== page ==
All around the country, people argue about whether we’re better off if the focus is on “self-interest” or on “the community” - where people look out for each other.
Let me tell you something about really successful social and economic systems. They’re always a mix of the two. Dotted throughout our market system - which encourages people to pursue their own self interest - are systems in which groups pursue group interests.
First there’s the social and cultural ground within which markets grow. People in modern societies are essentially peaceable. They have to be to do business with each other. But there’s a huge system of government and law which keeps them that way. Of course some rogues rip people off. But we catch enough and punish enough so that if you were planning a good life for yourself, you wouldn't be too unscrupulous in your dealings. Ask Rodney Adler or the late Rene Rivkin and Christopher Skase and his less-late-wife Pixie who seems to have finally wangled her way out of exile.
And if you work for a firm, it’s a kind of collective too. You might get bonuses for doing a good job, but chances are you identify with your firm and its fortunes as strongly (well nearly as strongly) as the denizens of Brisbane support the Maroons or the Brisbane Lions.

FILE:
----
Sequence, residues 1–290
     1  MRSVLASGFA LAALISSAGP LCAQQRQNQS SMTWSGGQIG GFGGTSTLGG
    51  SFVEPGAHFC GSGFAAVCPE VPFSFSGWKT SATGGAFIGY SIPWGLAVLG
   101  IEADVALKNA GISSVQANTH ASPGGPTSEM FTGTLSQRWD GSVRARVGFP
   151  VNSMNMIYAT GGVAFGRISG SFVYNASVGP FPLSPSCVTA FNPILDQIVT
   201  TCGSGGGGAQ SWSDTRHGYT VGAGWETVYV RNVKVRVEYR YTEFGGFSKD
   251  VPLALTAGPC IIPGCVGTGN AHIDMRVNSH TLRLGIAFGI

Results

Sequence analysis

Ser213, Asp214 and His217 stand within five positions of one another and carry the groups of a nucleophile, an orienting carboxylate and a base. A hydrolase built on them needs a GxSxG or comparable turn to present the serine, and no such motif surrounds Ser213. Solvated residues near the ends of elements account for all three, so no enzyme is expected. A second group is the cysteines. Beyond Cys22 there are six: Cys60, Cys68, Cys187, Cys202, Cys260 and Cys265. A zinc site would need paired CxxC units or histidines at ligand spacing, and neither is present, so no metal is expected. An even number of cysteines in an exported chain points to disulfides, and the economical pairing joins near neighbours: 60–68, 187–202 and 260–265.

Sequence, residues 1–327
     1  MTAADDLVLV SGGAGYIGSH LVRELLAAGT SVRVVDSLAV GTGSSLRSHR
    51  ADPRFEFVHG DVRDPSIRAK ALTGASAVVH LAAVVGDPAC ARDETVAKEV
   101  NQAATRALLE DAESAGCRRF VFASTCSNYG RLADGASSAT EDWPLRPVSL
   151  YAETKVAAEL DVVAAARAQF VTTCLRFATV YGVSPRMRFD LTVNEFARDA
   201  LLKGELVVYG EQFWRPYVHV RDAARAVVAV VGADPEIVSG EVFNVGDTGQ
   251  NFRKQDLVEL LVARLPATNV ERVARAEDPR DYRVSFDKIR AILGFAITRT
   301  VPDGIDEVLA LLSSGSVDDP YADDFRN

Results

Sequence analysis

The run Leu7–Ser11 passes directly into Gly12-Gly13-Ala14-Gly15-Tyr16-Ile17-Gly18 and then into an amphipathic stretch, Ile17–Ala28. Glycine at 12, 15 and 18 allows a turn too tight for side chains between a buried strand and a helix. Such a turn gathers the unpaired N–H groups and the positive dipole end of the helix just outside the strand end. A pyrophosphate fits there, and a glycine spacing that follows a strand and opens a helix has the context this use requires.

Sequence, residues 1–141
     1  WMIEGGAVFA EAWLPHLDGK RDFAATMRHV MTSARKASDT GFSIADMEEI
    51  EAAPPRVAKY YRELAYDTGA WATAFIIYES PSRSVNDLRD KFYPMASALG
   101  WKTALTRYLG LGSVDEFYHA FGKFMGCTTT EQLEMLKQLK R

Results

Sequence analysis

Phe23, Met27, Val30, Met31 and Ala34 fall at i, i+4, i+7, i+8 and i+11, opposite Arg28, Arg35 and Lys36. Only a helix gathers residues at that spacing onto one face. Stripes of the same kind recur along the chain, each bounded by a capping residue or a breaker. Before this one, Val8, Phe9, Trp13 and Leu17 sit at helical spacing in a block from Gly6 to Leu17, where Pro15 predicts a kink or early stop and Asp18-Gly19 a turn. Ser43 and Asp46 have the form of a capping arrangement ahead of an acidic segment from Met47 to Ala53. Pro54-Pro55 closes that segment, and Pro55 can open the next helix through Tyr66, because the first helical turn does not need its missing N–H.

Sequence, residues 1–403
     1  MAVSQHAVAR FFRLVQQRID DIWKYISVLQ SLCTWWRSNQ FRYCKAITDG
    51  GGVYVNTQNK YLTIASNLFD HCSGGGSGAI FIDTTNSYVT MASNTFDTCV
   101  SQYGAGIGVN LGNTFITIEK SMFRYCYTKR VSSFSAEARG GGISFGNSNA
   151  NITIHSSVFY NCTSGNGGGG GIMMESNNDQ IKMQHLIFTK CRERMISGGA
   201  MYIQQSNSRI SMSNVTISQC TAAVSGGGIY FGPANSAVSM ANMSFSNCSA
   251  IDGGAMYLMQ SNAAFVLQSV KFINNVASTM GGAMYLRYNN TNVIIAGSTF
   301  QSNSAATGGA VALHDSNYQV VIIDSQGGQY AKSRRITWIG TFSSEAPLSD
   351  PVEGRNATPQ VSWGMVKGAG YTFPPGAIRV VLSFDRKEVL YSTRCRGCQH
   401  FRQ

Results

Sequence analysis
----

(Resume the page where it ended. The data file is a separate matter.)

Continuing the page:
So long as people can behave collectively in the right context - within firms, within families and in administering the rule of law, as Adam Smith argued centuries ago, self interest and community interests coalesce in a miraculous way. Smith is famous for saying in The Wealth of Nations that in securing our dinner “We address ourselves”, not to the humanity of the butcher and the baker “but to their self-love”.
But his less well-known earlier book, The Theory of Moral Sentiments, explored the importance of sentimental attachments, of people to one another, within families, and communities and nations. That was the great backdrop in which the market’s miraculous “invisible hand” could work.
The closest real world example of the rule of pure self-interest is in the anarchy of the third world’s failed states - not our own commercial societies.
And two miraculous new forms of production have come into their own lately. And guess what? Each is a new play between selfishness and regard for others.
The first is “micro-credit”. Throughout the developed world millions need only the smallest break to work their way out of poverty and oppression. The first micro-credit loan was US$27 to help African women make bamboo furniture.
The lender was Muhammad Yunus who founded the Grameen Bank. It lends these small amounts to groups of people - particularly women - who all go co-guarantor. People might walk away from a loan to themselves, but these “solidarity groups” radiate not just financial pain but also the social shame of default.
It turns out that “solidarity groups’” default rate is way below our credit card default rates. Group and self-interest coalesce a deft and miraculous new combination.
The other new economic form is Open Source Software.
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